Ethnic differences in the incidence of clinically diagnosed influenza: An England population-based cohort study 2008-2018

Jennifer Davidson, Amitava Banerjee, Rohini Mathur, Mary Ramsay, Liam Smeeth, Jemma Walker, Helen McDonald, Charlotte Warren-Gash

Research output: Contribution to journalArticlepeer-review

Abstract

Background: People of non-White ethnicity have a higher risk of severe outcomes following influenza infection. It is unclear whether this is driven by an increased risk of infection or complications. We therefore aimed to investigate the incidence of clinically diagnosed influenza/influenza-like illness (ILI) by ethnicity in England from 2008-2018. Methods: We used linked primary and secondary healthcare data (from the Clinical Practice Research Datalink [CPRD] GOLD and Aurum databases and Hospital Episodes Statistics Admitted Patient Care [HES APC]). We included patients with recorded ethnicity who were aged 40-64 years and did not have a chronic health condition that would render them eligible for influenza vaccination. ILI infection was identified from diagnostic codes in CPRD and HES APC. We calculated crude annual infection incidence rates by ethnic group. Multivariable Poisson regression models with random effects were used to estimate any ethnic disparities in infection risk. Our main analysis adjusted for age, sex, and influenza year. Results: A total of 3,735,308 adults aged 40-64 years were included in the study; 87.6% White, 5.2% South Asian, 4.2% Black, 1.9% Other, and 1.1% Mixed. We identified 102,316 ILI episodes recorded among 94,623 patients. The rate of ILI was highest in the South Asian (9.6 per 1,000 person-years), Black (8.4 per 1,000 person-years) and Mixed (6.9 per 1,000 person-years) ethnic groups. The ILI rate in the White ethnic group was 5.7 per 1,000 person-years. After adjustment for age sex and influenza year, higher incidence rate ratios (IRR) for ILI were seen for South Asian (1.70, 95% CI 1.66-1.75), Black (1.48, 1.44-1.53) and Mixed (1.22, 1.15-1.30) groups compared to White ethnicity. Conclusions: Our results suggest that influenza infection risk differs between White and non-White groups who are not eligible for routine influenza vaccination.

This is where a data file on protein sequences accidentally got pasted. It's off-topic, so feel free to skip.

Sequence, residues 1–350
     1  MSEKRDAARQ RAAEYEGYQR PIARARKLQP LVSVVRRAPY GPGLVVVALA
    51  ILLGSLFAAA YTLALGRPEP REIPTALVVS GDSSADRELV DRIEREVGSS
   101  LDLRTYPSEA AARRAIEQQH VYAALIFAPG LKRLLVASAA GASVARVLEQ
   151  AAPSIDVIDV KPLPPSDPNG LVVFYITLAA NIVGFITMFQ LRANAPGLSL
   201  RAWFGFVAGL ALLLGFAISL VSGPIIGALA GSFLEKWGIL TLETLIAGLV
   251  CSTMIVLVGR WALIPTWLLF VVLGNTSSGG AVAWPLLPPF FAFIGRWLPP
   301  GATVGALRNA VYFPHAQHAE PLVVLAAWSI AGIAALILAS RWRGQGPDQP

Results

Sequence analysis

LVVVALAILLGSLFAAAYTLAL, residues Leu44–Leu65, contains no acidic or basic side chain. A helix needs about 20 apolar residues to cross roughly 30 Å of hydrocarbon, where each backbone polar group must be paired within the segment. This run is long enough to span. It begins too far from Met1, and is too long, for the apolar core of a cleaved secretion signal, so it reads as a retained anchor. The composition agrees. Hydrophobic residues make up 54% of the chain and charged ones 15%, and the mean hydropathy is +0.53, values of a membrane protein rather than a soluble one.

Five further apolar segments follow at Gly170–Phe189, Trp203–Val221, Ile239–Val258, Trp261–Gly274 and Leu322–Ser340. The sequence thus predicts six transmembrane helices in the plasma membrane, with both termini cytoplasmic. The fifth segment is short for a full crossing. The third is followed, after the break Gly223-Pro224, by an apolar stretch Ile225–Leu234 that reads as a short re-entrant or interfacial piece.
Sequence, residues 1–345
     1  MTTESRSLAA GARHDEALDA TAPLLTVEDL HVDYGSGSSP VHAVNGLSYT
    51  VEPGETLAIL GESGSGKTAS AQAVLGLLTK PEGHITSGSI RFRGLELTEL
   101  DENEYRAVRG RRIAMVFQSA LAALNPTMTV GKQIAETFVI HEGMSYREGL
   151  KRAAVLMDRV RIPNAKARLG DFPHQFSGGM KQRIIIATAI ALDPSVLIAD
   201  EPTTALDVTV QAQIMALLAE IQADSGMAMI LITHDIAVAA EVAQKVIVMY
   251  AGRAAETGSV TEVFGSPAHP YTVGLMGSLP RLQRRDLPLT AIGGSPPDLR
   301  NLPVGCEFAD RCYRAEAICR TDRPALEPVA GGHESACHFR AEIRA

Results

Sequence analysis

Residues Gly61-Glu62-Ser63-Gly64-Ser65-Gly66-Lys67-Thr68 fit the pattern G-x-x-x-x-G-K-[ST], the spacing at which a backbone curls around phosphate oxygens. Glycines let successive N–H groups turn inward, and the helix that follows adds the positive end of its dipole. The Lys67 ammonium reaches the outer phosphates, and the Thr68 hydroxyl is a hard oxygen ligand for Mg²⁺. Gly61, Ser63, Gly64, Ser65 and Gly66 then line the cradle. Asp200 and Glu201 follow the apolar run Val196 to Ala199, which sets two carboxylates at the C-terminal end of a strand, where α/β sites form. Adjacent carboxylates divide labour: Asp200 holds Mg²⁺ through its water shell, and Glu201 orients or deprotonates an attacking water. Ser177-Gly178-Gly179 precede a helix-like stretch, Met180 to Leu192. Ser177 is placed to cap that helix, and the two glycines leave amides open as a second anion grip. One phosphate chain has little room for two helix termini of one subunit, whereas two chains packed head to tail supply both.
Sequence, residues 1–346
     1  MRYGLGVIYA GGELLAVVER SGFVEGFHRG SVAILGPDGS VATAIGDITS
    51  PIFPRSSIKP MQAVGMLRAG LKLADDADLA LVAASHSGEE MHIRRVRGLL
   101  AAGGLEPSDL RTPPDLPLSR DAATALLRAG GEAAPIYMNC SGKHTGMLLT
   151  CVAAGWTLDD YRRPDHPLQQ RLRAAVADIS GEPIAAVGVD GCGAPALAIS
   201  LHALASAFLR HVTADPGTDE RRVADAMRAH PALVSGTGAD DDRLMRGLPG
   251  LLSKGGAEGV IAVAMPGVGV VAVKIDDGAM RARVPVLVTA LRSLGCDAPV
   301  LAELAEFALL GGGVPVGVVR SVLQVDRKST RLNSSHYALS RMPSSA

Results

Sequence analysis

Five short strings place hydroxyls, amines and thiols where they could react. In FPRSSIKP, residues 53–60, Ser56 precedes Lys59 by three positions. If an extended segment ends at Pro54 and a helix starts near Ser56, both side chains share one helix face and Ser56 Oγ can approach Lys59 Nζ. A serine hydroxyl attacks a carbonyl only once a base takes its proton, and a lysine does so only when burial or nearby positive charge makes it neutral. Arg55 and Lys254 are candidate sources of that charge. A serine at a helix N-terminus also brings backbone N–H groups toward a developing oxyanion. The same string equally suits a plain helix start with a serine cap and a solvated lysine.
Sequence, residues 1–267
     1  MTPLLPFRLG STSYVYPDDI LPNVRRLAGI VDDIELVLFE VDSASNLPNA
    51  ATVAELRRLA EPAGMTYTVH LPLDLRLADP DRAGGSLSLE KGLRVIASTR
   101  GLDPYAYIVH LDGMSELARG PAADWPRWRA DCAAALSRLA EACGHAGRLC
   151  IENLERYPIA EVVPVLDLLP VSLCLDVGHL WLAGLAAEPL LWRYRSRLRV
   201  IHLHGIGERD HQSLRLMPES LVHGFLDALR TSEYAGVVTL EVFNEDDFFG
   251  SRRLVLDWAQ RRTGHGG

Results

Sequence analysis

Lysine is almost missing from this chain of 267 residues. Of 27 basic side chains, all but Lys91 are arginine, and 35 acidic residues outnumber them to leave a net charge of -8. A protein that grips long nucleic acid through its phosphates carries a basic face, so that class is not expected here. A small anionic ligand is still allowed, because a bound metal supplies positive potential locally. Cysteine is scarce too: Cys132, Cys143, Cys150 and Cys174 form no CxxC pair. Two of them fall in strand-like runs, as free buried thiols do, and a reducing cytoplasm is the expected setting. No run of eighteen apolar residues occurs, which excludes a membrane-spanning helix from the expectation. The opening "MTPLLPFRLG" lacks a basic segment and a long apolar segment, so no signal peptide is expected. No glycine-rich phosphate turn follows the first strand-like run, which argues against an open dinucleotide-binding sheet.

Original languageEnglish
Article number49
JournalWellcome Open Research
Volume6
DOIs
Publication statusPublished - 2021

Keywords

  • Ethnicity
  • Inequalities
  • Influenza
  • Respiratory infection

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